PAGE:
I’ve been happy as a clam not paying that much attention to the Super Bowl hype. It’s not that I’m not interested in the game — it’s just that I’m interested in the game and not the two weeks of media overkill preceding the game. That said, there is one brand of story I always ...
I've been happy as a clam not paying that much attention to the Super Bowl hype. It's not that I'm not interested in the game -- it's just that I'm interested in the game and not the two weeks of media overkill preceding the game. That said, there is one brand of story I always find interesting -- interviews with retired football players who bemoan how the game has changed. A classic example of this genre is legendary Eagle Chuck Bednarik. The Associated Press' Dan Gelston reports that Badnarik doesn't want the current incarnation of the team to win:
I’ve been happy as a clam not paying that much attention to the Super Bowl hype. It’s not that I’m not interested in the game — it’s just that I’m interested in the game and not the two weeks of media overkill preceding the game. That said, there is one brand of story I always find interesting — interviews with retired football players who bemoan how the game has changed. A classic example of this genre is legendary Eagle Chuck Bednarik. The Associated Press’ Dan Gelston reports that Badnarik doesn’t want the current incarnation of the team to win:
Chuck Bednarik holds a grudge only slightly larger than his legacy as the last of the 60-minute men…. He also is protective of his Hall of Fame legacy. While he boasts about playing both center and linebacker for part of his 14-year career, Bednarik is equally as proud to have played on the last Eagles team to win a championship (1960). That’s why Bednarik will be rooting against the Eagles in the Super Bowl against New England. He has no desire to ever see the franchise win another title. “I can’t wait until the Super Bowl is over,” said Bednarik, who played for the Eagles from 1949 to 1962. “I hope the 1960 team remains the last one to win. I hope it stays that way.” Bednarik admits he’s jealous and resentful about the salaries and spotlight today’s players receive, calling them “overpaid and underplayed.” Bednarik says he never made more than $27,000 and supplemented his income with an afternoon job selling concrete, earning him the nickname “Concrete Charlie.”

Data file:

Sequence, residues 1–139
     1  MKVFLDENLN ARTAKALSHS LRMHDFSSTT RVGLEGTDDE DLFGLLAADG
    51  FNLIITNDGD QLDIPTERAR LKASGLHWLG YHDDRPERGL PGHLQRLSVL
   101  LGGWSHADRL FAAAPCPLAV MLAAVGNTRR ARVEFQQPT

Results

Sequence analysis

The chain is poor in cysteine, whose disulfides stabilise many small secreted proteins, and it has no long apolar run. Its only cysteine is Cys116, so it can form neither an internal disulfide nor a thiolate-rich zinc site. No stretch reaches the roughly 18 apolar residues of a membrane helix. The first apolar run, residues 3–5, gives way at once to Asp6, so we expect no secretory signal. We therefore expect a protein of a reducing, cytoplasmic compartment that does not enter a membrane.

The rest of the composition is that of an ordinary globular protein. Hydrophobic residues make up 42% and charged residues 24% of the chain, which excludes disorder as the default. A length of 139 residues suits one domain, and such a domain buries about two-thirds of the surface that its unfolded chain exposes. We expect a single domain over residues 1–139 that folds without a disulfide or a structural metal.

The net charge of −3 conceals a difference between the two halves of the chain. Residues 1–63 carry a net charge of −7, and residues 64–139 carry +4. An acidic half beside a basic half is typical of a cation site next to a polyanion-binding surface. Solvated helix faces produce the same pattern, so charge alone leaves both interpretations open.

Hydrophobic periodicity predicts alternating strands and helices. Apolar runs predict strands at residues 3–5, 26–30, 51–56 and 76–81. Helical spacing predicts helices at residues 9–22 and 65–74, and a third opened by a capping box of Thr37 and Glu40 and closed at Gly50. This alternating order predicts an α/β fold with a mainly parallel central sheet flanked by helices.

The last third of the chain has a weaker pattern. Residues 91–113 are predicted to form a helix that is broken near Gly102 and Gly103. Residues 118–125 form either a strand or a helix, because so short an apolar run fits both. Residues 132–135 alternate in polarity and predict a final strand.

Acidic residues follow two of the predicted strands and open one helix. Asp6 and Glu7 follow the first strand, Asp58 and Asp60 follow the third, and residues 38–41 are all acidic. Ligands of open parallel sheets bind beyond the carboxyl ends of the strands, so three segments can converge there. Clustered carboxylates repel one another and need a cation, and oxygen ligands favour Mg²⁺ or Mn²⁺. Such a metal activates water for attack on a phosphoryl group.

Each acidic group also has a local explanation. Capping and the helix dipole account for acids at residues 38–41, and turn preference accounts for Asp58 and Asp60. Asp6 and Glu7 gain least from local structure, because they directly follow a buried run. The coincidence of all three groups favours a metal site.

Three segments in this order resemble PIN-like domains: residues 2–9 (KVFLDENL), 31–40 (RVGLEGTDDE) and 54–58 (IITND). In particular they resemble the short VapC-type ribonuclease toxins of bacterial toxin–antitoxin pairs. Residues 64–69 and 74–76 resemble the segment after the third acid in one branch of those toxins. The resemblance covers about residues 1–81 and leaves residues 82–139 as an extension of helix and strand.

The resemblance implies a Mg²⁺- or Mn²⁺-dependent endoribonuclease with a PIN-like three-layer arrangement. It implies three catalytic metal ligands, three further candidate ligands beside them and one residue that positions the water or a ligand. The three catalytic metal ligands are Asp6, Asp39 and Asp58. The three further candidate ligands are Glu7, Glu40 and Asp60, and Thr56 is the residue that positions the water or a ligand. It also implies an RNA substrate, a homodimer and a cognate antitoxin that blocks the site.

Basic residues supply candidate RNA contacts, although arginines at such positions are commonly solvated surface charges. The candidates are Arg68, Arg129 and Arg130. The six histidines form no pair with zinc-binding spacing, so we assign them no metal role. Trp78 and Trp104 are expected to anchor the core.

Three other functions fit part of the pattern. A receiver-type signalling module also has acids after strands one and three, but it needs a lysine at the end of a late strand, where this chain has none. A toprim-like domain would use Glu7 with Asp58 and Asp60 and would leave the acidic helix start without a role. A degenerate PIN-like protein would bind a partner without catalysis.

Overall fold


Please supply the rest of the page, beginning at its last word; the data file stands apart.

Read the whole thing — I think it’s safe to say the Bednarik doesn’t pull any punches. He also sounds like the last person with whome you’d want to be stuck in an elevator. [Yeah… think of him as the anti-Salma–ed.] If Bednarik seems a bit too “old school” for modern fans, SI’s Peter King looks at former Los Angeles Ram Jack Youngblood — whose comeback from injury makes Terrell Owens look like a complete wuss:
Youngblood snapped his left leg in the second quarter of a 1979 playoff game at Dallas, then played the next two-and-a-half games with the leg tightly wrapped. Now, six weeks after surgery to repair a broken leg and damaged ankle ligaments, Philadelphia wideout Terrell Owens will attempt to play Sunday in Super Bowl XXXIX. I will get to the specifics of Youngblood’s tale in a moment. It’s a great story, and because it happened 25 years ago, there are probably an awful lot of you out there who don’t know it very well, or at all. But I thought the most interesting thing I noticed in conversing with the Hall of Fame defensive end was the edge I caught in his voice when I asked him what sort of advice he’d have for Owens right now, seeing as though there’s only been one guy in history to play in a Super Bowl with an honest-to-goodness broken leg, and he was the guy. “To be honest,” Youngblood said, “it’s hard to compare my injury to [Owens’]. He’s been out of the game for what, five weeks? He’s been convalescing. After four weeks, an amputation should be healed. Shouldn’t it?” Touché.
Definitely read the whole thing. As someone who has suffered the exact same injury that Youngblood did, let me just say that I’m very impressed with Youngblood’s threshhold for pain.
Daniel W. Drezner is a professor of international politics at the Fletcher School of Law and Diplomacy at Tufts University and co-host of the Space the Nation podcast. Twitter: @dandrezner
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